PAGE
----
Duck Migration

Early this past week, hunting was slow, but the waterfowl migration began to pickup on Wednesday ahead of the storm. Places like Kansas and Oklahoma began to pickup birds as the system pulled together. On Thursday, the storm continued east and birds began moving out of Iowa and extreme northern Missouri. The 40 mph sustained north wind allowed them to hightail it south. With the storm now to the east, reports of southward moving waterfowl have continued today. Some Waterfowl Migrationbirds held tight yesterday in the wind and snow, but the sunny skies and north wind today have them on the move across Missouri and Illinois. The snow and freeze line birds have finally been forced to move. Areas north of a line from Kansas City, MO to Peoria, IL are not forecasted to get above freezing for the next 7 days. Water should continue to freeze and ducks should continue to migrate south over the coming days. The majority of the birds around in Illinois and Missouri are Mallards with a few puddle ducks and divers in the mix.

Only the Illinois and Mississippi River waterfowl surveys have been posted for Illinois.

Mississippi River Waterfowl Migration Survey, Illinois River, and Missouri

Goose Migration

The arrival of sustained cold weather and snow should begin to force Canada geese to migrate along with the ducks. It’s going to take more weather than what we’ve had to force them south, but what we have received is a start. Since Canada Geese are tougher than ducks, it’ll take more snow and less open water to really force them south. The weather we have received thus far is probably more winter than most places experienced all of last year. Migrating Canada Geese have been reported across Iowa and northern Illinois in great numbers. Hopefully the next weather system will continue to make them move south.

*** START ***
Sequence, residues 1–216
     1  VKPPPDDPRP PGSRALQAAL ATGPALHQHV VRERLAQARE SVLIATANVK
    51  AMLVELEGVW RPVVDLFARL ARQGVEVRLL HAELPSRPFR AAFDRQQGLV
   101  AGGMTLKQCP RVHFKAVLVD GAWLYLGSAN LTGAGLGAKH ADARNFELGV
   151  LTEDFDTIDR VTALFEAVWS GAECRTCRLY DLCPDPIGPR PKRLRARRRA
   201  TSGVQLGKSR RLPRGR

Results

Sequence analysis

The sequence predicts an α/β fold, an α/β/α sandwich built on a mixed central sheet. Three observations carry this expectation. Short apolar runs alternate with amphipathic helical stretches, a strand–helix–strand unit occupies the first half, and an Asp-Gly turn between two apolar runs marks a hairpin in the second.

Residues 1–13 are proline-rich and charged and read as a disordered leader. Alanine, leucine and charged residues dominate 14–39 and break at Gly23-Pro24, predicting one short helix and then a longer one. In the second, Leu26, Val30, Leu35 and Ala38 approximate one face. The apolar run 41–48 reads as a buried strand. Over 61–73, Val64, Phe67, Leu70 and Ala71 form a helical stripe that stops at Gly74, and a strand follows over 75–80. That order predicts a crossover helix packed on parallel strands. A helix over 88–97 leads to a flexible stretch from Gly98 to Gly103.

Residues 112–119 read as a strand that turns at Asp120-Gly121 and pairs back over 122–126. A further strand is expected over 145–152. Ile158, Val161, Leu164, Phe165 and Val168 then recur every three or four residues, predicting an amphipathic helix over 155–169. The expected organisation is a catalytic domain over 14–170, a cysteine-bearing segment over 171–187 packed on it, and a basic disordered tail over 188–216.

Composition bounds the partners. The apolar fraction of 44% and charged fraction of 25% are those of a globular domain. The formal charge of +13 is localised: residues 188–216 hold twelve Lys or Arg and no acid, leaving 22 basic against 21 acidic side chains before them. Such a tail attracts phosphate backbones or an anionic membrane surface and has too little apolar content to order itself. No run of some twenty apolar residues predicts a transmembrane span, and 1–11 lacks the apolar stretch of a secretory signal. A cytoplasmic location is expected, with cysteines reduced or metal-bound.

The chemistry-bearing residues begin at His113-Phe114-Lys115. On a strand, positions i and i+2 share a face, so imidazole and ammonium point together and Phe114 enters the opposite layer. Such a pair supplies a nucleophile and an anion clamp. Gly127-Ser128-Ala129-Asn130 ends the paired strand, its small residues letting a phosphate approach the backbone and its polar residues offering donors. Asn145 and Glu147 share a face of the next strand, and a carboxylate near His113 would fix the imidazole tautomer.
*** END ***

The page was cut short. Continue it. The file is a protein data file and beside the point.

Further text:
Snow Goose Migration

The majority of the snow geese have moved into Kansas, Missouri, Illinois and points south. This was about their furthest southward push last year. Unlike last year, when the spring conservation season started with many snow geese north of us, this is starting to look more promising. Good numbers of birds are in Illinois and Missouri if you’re willing to put forth the effort to hunt them without the use of an e-caller.

 

Waterfowl Migration Update – November 13, 2012

Waterfowl Migration Update

Our season finally opened at home in the south central zone in Illinois. Opening day dawned with a forecasted high of 79 and a 25-30mph south wind. Unfortunately, the weathermen were correct. Hunters across the area experienced mixed results. The managed state areas had some birds and hunters that were drawn early enjoyed some success. A few groups of flight birds began to show up across the area on Sunday as the latest cold front waterfowl migrationapproached. Most areas received at least an inch of rain which helps lessen the remaining effects of the summer drought. The cold front not only brought rain, but also a 25+ degree drop in temperatures and a wind shift to the north. The drop in temps and northerly winds brought with it a good waterfowl migration. Numerous new groups of Pintails, Wigeon, Shovelors, Gadwall, and divers entered southern Illinois. There were even some Mallards beginning to show up. Many think this is the leading edge of greenheads with the best yet to come as winter sets in. There was also an influx of Snow Geese and Specklebellies with the cold front.  We enjoyed a good hunt post coldfront with 7 Mallards, 4 Gadwall, a Wood Duck, and a Wigeon.